Economists are warning that the Chancellor's surprise reform of stamp duty could push up house prices.
George Osborne is replacing the old system of a few big jumps with gradual, tapered rises. He says that overall 98 per cent of homebuyers will pay less in future.
Business Editor Joel Hills has been finding out how it will work.
As well as an overhaul to stamp duty, George Osborne announced a raft of additional key measures in his Autumn Statement, including inheritance tax exemptions for aid workers who travel abroad to help the Ebola crisis.
Additional key measures unveiled by the Chancellor:
- Inheritance tax exemptions for aid workers who go to help with the Ebola crisis
- Crackdown on tax avoidance, including a 25% levy on firms that divert profits overseas
- Non-dom charges to be increased for people who have been in the UK more than 12 years;
- £1.2 billion revenue from bank Foreign Exchange trading fines to go to GP practices
- Air Passenger Duty to be abolished for under-12s.
Union leaders have criticised George Osborne for failing to reward public sector workers in his voter-friendly Autumn Statement.
With talk of £12bn savings so far from freezing and holding down the pay of dedicated nurses, teachers and other public sector workers - and similar to come until the deficit disappears - the Chancellor is effectively freezing public servants out of the recovery.
For six million public sector workers another four years of pay pain beckon as their pay continues to be held back below the cost of living.
The Chancellor's ideological pursuit of austerity economics is continuing to take its toll on our public services and has led to economic misery for millions of ordinary working people and their families.
Teachers' pay has also fallen well behind the rising cost of living with a cut of 15% in real terms.
(It was a) low-key statement that included almost nothing of significance that hadn't already been widely trailed or previously announced.
It did confirm that the Chancellor continues to fail in his primary objective of cutting the deficit and none of the supply side measures announced today are likely to revive the Chancellor's failed programme of economic rebalancing.
George Osborne's overhaul of stamp duties will harm - not help - home buyers by inflating house prices, a leading property campaigner has said.
There is a real risk that today's stamp duty changes will just end up inflating house prices.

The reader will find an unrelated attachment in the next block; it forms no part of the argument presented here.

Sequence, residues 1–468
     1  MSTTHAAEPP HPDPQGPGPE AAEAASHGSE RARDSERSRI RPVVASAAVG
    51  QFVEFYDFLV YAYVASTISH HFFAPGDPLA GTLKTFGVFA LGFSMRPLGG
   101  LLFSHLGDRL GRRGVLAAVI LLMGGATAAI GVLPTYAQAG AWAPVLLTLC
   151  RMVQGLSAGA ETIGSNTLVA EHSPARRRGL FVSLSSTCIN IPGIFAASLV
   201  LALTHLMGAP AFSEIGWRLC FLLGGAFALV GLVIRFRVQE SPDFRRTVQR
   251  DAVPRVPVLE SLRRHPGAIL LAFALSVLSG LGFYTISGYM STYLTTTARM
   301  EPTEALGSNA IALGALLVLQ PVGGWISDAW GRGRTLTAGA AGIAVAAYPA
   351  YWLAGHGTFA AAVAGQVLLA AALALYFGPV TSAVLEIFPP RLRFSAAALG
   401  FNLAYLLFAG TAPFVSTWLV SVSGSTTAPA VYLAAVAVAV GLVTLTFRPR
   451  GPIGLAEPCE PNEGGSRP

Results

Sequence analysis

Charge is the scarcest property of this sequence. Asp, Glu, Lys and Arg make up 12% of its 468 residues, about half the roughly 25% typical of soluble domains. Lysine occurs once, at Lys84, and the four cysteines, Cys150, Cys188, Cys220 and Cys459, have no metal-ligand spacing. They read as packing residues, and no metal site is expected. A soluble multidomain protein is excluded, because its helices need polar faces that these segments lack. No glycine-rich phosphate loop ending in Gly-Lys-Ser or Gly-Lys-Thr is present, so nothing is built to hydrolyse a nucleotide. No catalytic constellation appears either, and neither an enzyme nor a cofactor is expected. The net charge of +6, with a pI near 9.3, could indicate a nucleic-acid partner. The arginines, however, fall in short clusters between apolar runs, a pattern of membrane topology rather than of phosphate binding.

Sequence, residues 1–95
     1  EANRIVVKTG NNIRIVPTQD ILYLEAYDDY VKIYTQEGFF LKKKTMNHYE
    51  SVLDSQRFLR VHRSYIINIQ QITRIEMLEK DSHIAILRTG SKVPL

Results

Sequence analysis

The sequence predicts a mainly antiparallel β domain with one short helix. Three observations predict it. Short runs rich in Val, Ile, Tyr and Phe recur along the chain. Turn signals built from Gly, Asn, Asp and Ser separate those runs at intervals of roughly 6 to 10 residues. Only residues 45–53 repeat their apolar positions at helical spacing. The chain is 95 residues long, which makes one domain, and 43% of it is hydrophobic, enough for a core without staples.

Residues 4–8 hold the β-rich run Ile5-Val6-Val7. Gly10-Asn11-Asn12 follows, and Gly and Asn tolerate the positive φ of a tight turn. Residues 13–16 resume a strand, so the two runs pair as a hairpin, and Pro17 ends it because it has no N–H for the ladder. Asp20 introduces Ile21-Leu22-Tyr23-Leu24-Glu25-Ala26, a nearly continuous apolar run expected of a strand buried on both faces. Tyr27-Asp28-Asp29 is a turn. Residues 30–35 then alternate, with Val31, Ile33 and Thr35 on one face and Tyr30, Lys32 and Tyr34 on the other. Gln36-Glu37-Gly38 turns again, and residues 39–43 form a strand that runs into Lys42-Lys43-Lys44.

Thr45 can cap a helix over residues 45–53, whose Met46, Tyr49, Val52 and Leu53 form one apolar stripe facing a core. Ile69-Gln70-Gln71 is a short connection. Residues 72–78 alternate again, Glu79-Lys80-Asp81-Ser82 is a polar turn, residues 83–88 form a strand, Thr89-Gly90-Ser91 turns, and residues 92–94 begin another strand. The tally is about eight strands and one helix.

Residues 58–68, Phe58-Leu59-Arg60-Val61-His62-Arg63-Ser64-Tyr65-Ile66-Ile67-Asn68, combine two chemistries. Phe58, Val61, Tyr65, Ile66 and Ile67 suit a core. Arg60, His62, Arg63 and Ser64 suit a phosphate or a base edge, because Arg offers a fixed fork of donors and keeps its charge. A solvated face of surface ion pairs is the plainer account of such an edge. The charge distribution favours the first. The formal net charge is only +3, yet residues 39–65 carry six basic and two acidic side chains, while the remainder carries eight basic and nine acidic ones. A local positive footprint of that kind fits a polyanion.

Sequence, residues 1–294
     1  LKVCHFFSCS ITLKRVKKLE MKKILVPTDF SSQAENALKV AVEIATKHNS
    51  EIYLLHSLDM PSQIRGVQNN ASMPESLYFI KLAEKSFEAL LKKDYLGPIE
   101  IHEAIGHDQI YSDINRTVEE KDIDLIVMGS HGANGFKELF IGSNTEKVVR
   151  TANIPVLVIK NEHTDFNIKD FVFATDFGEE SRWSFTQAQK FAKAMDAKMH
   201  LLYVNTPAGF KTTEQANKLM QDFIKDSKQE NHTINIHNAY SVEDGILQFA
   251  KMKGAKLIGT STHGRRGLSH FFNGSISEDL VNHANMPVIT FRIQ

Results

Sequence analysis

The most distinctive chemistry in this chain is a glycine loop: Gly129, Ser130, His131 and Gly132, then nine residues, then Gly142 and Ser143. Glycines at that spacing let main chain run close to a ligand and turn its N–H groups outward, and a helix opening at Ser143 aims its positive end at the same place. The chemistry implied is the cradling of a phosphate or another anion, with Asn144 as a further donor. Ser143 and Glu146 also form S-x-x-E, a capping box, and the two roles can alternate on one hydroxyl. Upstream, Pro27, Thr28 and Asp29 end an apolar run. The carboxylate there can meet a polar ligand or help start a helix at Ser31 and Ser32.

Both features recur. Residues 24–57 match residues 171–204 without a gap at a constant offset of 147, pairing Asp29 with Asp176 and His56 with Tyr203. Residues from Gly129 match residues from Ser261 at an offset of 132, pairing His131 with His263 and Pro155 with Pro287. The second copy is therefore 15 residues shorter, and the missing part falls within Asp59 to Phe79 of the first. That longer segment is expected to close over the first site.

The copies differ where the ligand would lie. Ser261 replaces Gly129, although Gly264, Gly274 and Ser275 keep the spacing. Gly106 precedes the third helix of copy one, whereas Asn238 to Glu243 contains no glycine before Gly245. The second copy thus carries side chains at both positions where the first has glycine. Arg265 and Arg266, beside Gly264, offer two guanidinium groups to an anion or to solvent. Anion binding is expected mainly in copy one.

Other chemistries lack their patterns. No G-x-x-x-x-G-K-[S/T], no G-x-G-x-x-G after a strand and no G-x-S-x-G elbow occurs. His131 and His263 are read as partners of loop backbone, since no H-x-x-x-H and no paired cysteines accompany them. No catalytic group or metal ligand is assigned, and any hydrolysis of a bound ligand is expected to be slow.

A house sold at the current average price of £273,000 will now be liable for £4,540 less stamp duty, but since sellers want to maximise the sale price of their property, they will expect buyers to pay this money to the house instead. The result would be the price of this house increasing by 1.7%, while leaving struggling first-time buyers no better off.
You have to wonder whether George Osborne is trying to stoke up house prices in advance of next year's general election.
Mr Stott said any changes to stamp duty payments must be accompanied by major reforms to council tax payments.
As of midnight, 98% of homebuyers will be affected by reforms to stamp duty - find out how much you will pay under the new system.Read the full story ›
George Osborne missed an opportunity to tackle the "big household costs" that are leaving families struggling, the Citizens Advice Bureau has said in response to the Autumn Statement.
But today is a missed opportunity to address some of the larger costs families face, particularly around childcare and energy bills and some people are still without access to basic banking services.
The Council of Mortgage Lenders, which represents the UK's building societies, has strongly welcomed the Government's changes to Stamp Duty.
Director Paul Smee said: "This fundamental reform has been a long time coming, but better late than never. Although there are losers as well as winners, the vast majority of mortgaged transactions will benefit from lower tax as a result of this move."
Mr Smee said CML figures suggested that under the new system, only around 1.5% of transactions would attract more tax.
Over the past year the proportions of mortgages in different price brackets, according to the CML's figures was as follows:
- up to £125,000 - 21.6%
- £125,001-£250,000 - 47.9%
- £250,001-£925,000 - 29%
- £925,001-£1.5 million - 1.1%
- Over £1.5 million - 0.4%
Our panel of families, business workers and public figures on where they won or lost out in George Osborne's voter-friendly announcement.Read the full story ›
Ed Miliband has accused the Government of going back on its promise to cut the deficit by 2015.
George Osborne admitted that the deficit was not falling as fast as he hoped when announcing his Autumn Statement today, promising to achieve a budget surplus by 2019/20 instead of the original target of 2015.
Ed Miliband said: "David Cameron and George Osborne have now failed every test and broken every promise they made on the economy.
"The Tories promised living standards would rise, but while millionaires have got a huge tax cut working people are £1600 a year worse off."
"We will balance the books in a fairer way and save our National Health Service with a fully-funded long-term plan."